Either that or he's really really lucky.
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Basar Cenik
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In my experience, this is a game in which a less experienced player has almost no chance of winning against a better player. I've been on both sides of this. I've had opponents that I've never beaten, opponents that I've never lost to. In my mind, there is no question skill and experience play a huge part.
Between players of equal skill, what you roll for the first round coup in Iran is indeed very important. However, over 10 turns luck usually balances out.
Having your opponents cards in your hand is usually a good thing. You can rid the deck off of starred events, hold/space the worst repeating events, and play the rest when it hurts you the least.
For the hand you describe, I would headline one of the scoring cards, space destalinization (or discard to lift "blockade") and hold decolonization (hopefully to space on turn 3). With Fidel, I would normally realign immediately, but if you absolutely need the 3 OPs elsewhere because of the second scoring card, you can live with a Soviet Cuba. Suez is no problem, add 1 influence in Lebanon on in the previous round (perhaps with Romanian Abdication), you can immediately go back into Israel after the event.
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Conor Hickey
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llenroccc wrote:
I have played Twilight Struggle 20+ games so far. I have a feel that initial cards in hand and coup luck basically determine the whole game at a very large extent.

One time I had 2 scoring cards and Fidel, Destalinization, Decolonization, Suez Crisis, Romanian Abdication, NATO in my initial hands. I struggled for the whole game to make up what I lost from the 1st turn and almost came back from USSR VP+18 but lost by Wargames card when USSR was VP+7.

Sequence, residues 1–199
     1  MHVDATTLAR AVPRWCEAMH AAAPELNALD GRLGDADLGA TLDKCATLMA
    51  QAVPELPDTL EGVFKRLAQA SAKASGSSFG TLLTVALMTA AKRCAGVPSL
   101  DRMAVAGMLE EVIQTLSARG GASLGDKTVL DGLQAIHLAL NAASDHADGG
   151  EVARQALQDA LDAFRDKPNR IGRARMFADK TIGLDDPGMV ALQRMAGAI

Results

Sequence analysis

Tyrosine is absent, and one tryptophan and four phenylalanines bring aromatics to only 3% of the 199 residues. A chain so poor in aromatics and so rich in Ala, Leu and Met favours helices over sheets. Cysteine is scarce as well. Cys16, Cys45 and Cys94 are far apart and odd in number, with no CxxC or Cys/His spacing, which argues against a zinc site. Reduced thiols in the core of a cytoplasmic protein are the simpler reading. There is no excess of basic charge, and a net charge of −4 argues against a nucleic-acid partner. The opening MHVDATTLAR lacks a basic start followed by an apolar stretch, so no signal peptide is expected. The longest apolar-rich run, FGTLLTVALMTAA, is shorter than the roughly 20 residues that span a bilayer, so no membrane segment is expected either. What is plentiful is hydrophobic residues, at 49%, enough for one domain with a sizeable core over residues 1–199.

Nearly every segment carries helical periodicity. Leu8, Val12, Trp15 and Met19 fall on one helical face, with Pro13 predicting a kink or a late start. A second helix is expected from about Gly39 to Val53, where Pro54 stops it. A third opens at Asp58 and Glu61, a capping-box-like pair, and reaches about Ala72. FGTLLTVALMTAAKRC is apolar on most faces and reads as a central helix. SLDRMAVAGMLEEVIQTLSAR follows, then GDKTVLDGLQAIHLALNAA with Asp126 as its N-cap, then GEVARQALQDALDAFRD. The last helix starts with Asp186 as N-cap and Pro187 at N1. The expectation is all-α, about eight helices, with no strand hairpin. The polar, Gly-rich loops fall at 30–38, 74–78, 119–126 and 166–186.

The cards in hand every turn are going to determine who wins a game of TS, it's a card-driven game.

Coup luck can sometimes be useful but if you have played in a way that you absolutely must make some critical coup roll, there may be something else better you could do, or could have done previously so as not to lead to that situation.

A large part of strategy/skill in TS is minimising the luck you need in a game, it's why a player like Stefan Mecay wins constantly, he knows how to get the absolute most out of every op and event in his hand, every turn.
 
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Kevin Brown
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Eric Brosius wrote:
Stefan Mecay has won 5 years out of 6, in fields of more than 50 contestants every year (in a single elimination tournament.) It seems clear that he has learned to win the game no matter what his starting hand looks like, and even with some bad luck on the dice.

Either that or he's really really lucky.


I've played against him. He's not that lucky.